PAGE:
Six tips for GMAT success
Think you’re ready for business school? Not until you’ve mastered the GMAT.
The Graduate Management Admission Test (GMAT) is the standardized test most used by business schools across the country and it’s an integral part in the business school admissions process. Though it seems a business-focused exam would be heavy on math, the GMAT is designed to test your overall academic aptitude—verbal and written communication are just as important in the business world as your ability to put in long hours crunching numbers.
Like the SAT and GRE, the GMAT consists of sections that will test your verbal, mathematical, and writing proficiency. Test takers are allotted three-and-a-half hours to complete the three-section test. The analytical writing section allots 30 minutes apiece for the completion of two separate essays: an analysis of an issue and an analysis of an argument. The quantitative section, which is comprised of 37 multiple-choice questions that concern data sufficiency and problem solving, follows. Students have up to 75 minutes to finish the questions. The test concludes with the verbal section. Again, students have 75 minutes to complete the 41 questions in the section, which focus on critical reasoning, sentence correction, and reading comprehension. Unlike the SAT and GRE, the score you receive is cumulative and not broken down by section. The analytical writing section does not factor into the final score, which is on a 200-to-800 point scale.
Use these six tips to help prepare for the GMAT:
Take it early, take it often
You saw most of the math covered in the GMAT in high school. Rather than waiting to take the GMAT after you’ve graduated college or even well into your working life, it’s best to take the test in your sophomore or junior year of college, says Shadna Wise, executive director of graduate programs for the Princeton Review. By taking it earlier, the concepts you learned in high school, which may or may not have been revisited in an intro math class in college, are fresher in your mind and should lead you to a better score than if you are forced to relearn the material. Taking it during your years as an undergraduate is not detrimental, even though many B-schools require applicants to have a few years of work experience before applying. Your GMAT scores remain active for five years, so even if you take the test as a junior, you have a three-year window after graduating to garner the work experience that schools value before your GMAT score expires.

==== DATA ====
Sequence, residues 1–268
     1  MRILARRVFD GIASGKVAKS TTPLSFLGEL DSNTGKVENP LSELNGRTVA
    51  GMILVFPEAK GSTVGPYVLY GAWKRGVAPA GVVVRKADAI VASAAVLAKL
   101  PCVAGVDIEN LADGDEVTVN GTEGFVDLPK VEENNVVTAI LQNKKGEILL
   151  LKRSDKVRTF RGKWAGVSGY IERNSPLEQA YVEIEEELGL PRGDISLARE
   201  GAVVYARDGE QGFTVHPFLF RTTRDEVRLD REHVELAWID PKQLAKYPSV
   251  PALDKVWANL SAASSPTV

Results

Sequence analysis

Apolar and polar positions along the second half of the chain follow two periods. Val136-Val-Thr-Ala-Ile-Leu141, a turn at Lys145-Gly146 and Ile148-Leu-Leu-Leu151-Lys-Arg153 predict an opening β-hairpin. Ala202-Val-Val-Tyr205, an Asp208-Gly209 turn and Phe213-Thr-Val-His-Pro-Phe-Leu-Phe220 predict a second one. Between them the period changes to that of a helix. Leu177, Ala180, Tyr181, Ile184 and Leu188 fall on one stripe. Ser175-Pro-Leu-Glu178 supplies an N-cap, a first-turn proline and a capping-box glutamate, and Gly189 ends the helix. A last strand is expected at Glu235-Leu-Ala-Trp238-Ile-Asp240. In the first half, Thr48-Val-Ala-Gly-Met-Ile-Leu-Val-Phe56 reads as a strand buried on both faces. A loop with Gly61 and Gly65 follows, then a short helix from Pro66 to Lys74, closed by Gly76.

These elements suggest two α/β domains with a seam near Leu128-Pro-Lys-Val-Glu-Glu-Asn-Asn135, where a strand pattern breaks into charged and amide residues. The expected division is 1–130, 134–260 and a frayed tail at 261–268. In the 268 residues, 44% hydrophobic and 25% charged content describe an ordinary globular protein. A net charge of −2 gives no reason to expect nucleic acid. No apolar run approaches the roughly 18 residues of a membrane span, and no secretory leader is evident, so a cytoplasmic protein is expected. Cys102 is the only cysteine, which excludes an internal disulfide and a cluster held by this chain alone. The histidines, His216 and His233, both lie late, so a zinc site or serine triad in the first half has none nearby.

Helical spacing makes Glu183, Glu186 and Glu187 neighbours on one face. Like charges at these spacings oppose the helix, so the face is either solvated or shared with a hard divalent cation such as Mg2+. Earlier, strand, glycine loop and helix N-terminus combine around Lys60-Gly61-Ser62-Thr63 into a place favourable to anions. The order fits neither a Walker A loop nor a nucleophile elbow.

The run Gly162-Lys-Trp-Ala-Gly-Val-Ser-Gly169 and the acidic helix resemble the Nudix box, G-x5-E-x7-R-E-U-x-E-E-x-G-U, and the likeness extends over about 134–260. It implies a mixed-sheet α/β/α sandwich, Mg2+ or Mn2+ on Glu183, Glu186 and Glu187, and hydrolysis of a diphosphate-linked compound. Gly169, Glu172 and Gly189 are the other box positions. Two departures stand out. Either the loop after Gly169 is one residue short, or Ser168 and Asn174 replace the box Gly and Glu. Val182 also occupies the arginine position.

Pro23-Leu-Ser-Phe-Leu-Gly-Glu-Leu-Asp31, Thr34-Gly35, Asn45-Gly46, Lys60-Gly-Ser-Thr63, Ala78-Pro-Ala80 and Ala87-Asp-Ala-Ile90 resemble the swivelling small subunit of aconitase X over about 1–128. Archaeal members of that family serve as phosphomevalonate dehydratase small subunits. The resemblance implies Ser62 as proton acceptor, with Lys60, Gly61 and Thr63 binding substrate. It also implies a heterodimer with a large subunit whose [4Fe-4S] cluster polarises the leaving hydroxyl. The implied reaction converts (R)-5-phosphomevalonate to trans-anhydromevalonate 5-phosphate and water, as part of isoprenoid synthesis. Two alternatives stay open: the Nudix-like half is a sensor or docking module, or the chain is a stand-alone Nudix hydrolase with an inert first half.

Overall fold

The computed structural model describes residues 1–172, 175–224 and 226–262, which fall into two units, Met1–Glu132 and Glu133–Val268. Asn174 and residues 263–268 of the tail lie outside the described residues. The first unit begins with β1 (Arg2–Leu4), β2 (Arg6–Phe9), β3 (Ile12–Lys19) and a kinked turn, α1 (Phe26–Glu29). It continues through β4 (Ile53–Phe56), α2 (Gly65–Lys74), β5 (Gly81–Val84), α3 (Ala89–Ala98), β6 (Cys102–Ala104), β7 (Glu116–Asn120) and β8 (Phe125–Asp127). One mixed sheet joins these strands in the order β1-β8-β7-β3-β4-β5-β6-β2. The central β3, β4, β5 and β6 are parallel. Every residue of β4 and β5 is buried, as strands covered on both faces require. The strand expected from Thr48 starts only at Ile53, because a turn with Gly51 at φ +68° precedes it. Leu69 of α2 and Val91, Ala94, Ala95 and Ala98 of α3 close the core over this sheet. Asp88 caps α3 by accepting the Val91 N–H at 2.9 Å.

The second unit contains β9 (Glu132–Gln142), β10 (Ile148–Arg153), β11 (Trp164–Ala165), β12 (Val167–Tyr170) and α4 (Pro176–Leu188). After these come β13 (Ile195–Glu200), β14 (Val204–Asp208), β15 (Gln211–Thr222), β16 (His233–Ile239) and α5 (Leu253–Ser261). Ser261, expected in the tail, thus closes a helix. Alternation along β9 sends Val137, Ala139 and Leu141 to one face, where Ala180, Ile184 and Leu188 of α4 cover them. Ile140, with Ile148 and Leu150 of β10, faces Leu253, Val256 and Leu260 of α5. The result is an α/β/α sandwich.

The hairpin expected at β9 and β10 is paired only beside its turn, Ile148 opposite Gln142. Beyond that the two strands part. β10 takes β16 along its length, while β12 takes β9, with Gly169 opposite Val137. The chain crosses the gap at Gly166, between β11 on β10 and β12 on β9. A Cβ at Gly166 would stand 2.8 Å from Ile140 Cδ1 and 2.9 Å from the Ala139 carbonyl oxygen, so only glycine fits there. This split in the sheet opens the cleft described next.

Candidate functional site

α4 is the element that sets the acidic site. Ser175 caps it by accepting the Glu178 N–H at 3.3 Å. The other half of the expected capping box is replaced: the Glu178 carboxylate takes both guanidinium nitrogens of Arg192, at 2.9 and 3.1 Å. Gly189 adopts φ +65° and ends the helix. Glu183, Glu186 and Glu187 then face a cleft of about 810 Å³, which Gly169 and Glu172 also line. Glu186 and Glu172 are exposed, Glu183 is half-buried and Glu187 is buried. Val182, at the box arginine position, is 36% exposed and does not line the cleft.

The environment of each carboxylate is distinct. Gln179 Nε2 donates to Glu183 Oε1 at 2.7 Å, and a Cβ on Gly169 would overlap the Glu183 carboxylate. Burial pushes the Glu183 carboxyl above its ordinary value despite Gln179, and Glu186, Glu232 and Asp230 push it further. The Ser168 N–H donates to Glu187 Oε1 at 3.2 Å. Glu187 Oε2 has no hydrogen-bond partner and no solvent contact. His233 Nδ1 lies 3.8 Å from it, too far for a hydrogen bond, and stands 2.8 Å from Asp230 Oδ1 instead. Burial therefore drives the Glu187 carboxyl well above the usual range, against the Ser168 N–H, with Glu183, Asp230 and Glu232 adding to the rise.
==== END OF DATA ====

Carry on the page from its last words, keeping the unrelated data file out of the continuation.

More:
Take economics and statistics in college
Some questions on the GMAT will test your knowledge of statistics, which isn’t required in some high schools. It’s best to take an intro statistics class early in college so that the content is fresh in your mind before taking the GMAT, testing experts say. Also, the GMAT doesn’t directly test economics content, but a working familiarity of the subject’s basic principles will help you better understand and interpret the business-focused content of the test. “[Taking an] economics [class] is good because it gives you real-life scenarios that you might see in a reading passage,” says Wise. “Economics helps you take a business perspective when reading a problem, so it helps for [the] verbal [section].”
The verbal section matters more than you think
While there may be an emphasis on mathematics in many business school classes, precise communication skills are a necessity if you want to be a success in the business world. Not only that, they’re much needed if you wish to score high marks on the GMAT. Because the quantitative and verbal scores are lumped together to create the final score, a poor showing on the verbal section can harm your overall score whether you’re a math whiz or not. “If the student has suffered abysmally in English, they’re not going to be able to communicate well in the form of E-mails, letters, press releases,” says Wise. “If you’re low in the verbal, your score is going to be lower, period. So, you want to nail it all.”